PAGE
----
It’s on the playgrounds where our children run free,

Dreaming what they want to be.




We are America, every race, color and creed.

We are America. America will be.


America’s not a chapter in time,

A legacy for people just of one kind.

It’s freedom’s torch that took so long to ignite.

Hold it up and shine the light!




We are America and the time has come

For hope, respect, and liberty for you and everyone.


America’s not a physical place.

It’s everywhere. It’s in the whole human race.

People everywhere are locked in history’s chains.

Free the world. Be the world. We are one world. We’re all the same.





Copyright © 2020 by John Dominick Carratello






More About the Song


A good friend once suggested I change the line that says, “or the things we believe,” to “It’s the things we believe.” The reason I kept the original lyrics was to acknowledge the fact that we are a pluralistic nation, but, although we are all Americans, do not share the same beliefs—except for one. That is a belief in the ideas embodied in the United States Constitution, brilliantly crafted in an age of enlightenment.

I was an elementary school teacher for over 30 years and, in my soon-to-be-released book, Test Education vs. Best Education: Let’s Save Our Children from a Bad Idea, I state the importance of our public education system and the vital role it plays in supporting our plurality:

Our neighborhood public schools are the only institution we have capable of providing the glue that can hold this improbable nation of immigrants, diverse cultures, and various beliefs together in a community of citizenship. Without this glue, it’s just a matter of time before we are added to the scrapheap of failed civilizations. The elementary school classroom is where this glue begins to set.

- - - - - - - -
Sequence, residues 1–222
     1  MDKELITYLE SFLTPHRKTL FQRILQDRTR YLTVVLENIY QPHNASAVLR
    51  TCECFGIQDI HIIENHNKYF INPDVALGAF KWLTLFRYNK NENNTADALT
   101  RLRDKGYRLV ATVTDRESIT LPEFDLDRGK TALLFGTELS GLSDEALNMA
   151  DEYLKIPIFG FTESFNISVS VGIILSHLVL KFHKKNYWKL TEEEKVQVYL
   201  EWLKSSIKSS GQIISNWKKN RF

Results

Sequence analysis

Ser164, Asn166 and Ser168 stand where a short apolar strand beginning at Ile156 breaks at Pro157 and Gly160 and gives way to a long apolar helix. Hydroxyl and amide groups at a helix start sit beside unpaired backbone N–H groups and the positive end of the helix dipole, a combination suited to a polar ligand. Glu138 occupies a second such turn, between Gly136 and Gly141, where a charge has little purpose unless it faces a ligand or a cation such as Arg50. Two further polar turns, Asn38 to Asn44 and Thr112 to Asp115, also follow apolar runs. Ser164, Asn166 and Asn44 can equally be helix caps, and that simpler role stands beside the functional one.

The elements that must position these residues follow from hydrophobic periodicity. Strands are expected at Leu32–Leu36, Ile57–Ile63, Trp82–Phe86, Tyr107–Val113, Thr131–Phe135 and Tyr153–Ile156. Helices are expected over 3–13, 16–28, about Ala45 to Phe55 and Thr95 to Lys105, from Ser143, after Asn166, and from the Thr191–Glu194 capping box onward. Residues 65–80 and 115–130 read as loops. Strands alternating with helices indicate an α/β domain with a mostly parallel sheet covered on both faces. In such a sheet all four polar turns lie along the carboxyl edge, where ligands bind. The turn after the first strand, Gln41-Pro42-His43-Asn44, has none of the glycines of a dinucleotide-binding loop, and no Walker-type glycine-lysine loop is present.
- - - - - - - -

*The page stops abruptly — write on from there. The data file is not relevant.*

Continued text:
America’s Inside of You is simply a different way to express the same ideas presented in the book. The “glue” to which I refer in the book doesn’t originate from any particular religious or political belief. It comes from ideas more fundamental to our humanity. Those ideas have allowed us to peacefully live, work, and prosper alongside one another, whether we call ourselves Republican, Democrat, or Independent, or whether we call ourselves  Christian, Muslim, Jewish, Buddhist, Atheist, or something else.


Yet the freedoms and rights we enjoy as Americans have not taken hold or flourished everywhere on Earth. Throughout our world (sometimes even in our own country), people continue to be “locked in history’s chains,” even if they are simply the “chains” of extreme ideologies or manipulated cultural fears that serve to suppress the rights and free thoughts of individuals.


When I say that “America’s not a physical place” and that “it’s in the whole human race,” I am speaking of the underlying spirit of America, shared by many other nations on Earth. It is that spirit that not only frees us, it can ultimately “free the world.” It’s within that spirit that I say “We’re all the same.”